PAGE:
The event did not disappoint. It was all FC Buffalo on the pitch; the locals cruised to a 5-1 victory and claimed the “Bedlington Cup.” But the visitors were feted and welcomed everywhere they went, from youth soccer clinics to appearances at local bistros to their participation at the Bisons Independence Day game at Coca Cola Field. Bedlington manager Keith Perry summed it up best: “We come from a mining community of hard workers not unlike you people here in Buffalo. It’s a close-knit community, and we have felt the love and support everywhere we have gone in your wonderful city.”

Bill Belichick Gets His Comeuppance

For Bills fans, this streak was getting old and tiresome: 15 games and counting, loss after loss to division rival New England Patriots. On a sun-drenched September day at the Ralph, that all about changed.

Down by seven and heading into the fourth quarter, the Bills capped a drive with Fred Jackson’s one-yard run to tie the score; then a Drayton Florence interception and 27-yard runback gave Buffalo the lead. The Patriots tied the game with a little over three minutes left, leaving Buffalo’s fate in their own hands.

The Bills scored an apparent go-ahead touchdown with about two minutes left, but video review took away the score and instead put the ball at the one-yard line. The task was simple: Run three plays, wind the clock down to three seconds, and kick the winning field goal.

But Patriots coach Bill Belichick had other plans. He threw tantrums on the sidelines, disrupted and distracted, did all he could to throw off Buffalo’s rhythm. The Pats took an unnecessary roughness penalty, then the Bills took a false start. The sideline tirades continued, and Belichick was warned to behave.

The histrionics were all for naught. Rian Lindell kicked the winning field goal as time expired. Bills 34, Patriots 31. The Boston anthem, “Sweet Caroline,” was mockingly played over the PA as jubilant Bills fans left the stadium. For one day, Bills Nation dreamed what it would be like to host the AFC Championship game right here in Buffalo.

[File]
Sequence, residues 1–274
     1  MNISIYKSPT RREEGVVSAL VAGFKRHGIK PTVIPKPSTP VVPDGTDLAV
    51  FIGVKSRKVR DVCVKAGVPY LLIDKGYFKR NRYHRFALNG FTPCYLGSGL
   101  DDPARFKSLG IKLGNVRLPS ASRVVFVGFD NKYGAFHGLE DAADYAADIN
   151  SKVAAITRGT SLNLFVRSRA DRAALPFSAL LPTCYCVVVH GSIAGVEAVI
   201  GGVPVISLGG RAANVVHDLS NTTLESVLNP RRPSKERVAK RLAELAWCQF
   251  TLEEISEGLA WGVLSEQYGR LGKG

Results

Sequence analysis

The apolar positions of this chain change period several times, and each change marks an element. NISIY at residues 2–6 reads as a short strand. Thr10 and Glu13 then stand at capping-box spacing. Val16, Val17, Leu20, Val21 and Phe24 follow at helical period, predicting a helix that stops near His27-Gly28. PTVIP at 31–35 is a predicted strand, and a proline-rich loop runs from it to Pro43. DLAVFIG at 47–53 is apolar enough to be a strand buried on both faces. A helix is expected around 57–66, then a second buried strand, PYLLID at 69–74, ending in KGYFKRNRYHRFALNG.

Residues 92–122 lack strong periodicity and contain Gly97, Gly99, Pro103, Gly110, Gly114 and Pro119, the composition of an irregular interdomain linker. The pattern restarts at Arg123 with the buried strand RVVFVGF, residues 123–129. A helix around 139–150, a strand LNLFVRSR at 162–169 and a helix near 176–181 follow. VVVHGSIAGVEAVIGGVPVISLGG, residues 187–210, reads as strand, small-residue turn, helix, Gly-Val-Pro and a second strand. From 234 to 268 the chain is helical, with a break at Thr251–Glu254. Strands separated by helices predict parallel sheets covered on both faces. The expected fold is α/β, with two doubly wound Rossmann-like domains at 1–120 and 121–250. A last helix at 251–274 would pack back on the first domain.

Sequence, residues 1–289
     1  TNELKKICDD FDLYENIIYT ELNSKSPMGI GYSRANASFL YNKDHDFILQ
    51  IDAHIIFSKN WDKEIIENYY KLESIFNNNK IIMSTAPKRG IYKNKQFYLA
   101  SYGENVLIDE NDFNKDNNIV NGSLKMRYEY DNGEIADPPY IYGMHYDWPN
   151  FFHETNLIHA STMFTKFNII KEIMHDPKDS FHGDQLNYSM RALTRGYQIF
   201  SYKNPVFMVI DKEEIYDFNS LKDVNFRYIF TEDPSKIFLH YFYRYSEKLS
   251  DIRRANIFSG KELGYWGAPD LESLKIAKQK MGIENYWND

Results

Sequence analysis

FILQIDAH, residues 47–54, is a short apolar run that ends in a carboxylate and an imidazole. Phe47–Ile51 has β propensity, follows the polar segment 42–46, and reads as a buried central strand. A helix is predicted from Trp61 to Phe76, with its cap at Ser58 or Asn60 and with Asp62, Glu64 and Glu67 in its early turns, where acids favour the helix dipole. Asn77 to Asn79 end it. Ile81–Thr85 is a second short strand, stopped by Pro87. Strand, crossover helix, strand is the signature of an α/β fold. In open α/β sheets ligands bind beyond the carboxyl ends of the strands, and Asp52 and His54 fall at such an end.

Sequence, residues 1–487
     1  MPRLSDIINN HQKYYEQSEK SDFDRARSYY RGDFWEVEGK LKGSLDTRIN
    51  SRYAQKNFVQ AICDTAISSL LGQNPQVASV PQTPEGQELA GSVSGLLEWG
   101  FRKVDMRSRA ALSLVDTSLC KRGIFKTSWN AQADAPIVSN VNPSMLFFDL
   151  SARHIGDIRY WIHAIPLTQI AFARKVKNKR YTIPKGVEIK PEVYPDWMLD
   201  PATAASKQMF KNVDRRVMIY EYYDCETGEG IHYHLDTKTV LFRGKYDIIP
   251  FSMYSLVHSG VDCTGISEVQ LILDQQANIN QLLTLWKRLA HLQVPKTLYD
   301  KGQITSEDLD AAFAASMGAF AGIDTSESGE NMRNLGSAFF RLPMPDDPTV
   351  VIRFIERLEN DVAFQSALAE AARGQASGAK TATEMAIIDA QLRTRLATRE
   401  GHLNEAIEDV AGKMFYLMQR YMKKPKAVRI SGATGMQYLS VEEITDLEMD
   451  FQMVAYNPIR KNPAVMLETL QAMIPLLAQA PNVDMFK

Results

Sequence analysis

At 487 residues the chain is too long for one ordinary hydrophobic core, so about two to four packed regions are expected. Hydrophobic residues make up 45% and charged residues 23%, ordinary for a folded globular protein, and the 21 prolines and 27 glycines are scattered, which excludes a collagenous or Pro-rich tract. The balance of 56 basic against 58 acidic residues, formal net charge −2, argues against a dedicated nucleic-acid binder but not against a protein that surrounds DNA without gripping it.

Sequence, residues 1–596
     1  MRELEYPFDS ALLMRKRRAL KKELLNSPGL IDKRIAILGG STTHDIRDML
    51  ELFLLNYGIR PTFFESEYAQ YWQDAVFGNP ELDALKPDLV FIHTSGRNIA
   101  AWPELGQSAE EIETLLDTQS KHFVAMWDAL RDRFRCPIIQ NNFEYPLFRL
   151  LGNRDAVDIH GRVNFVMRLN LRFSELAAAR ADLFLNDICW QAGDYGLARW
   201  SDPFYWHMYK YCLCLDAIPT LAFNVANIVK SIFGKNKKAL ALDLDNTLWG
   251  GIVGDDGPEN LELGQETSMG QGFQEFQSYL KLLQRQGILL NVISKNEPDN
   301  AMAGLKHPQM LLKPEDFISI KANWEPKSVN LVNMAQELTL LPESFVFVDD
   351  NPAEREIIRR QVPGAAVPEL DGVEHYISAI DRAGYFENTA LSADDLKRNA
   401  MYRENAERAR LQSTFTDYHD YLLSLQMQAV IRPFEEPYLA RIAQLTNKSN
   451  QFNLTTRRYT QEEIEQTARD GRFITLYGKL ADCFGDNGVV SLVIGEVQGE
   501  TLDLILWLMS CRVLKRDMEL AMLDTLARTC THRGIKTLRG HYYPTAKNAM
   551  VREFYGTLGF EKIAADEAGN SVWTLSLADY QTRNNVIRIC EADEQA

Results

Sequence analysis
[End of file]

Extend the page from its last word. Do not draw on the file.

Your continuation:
Abby Wambach and the USA Women - Oh So Close

The eyes of the world were on Team USA and Team Japan on July 17, as the two women’s squads faced off for the Women’s World Cup in Frankfurt, Germany. A packed house of local star Abby Wambach’s supporters watched at a sports bar in Rochester, hoping Team USA could become the first women’s team to capture three World Cup trophies.

Everyone expected the USA to prevail, and Wambach’s header in extra time seemed to seal the deal. But the resilient Japanese came back yet again to tie the score. This one would go to penalty kicks.

That five-round duel was pretty much sealed early on. The Americans could not find the net, and the Japan team scored three times. Team USA settled for second place.

In defeat, Wambach—recipient of two individual awards for her stellar play—showed grace and class, referring to the suffering of the Japanese people from the devastating earthquake earlier in the year. “I feel sad,” she said. “We should be applauding Japan though. This is very tough for us to take because we came so close, though I think that Japan has suffered so much and needed to win more than we did. I’d like to think that this win can bring a little hope and joy to the Japanese people.”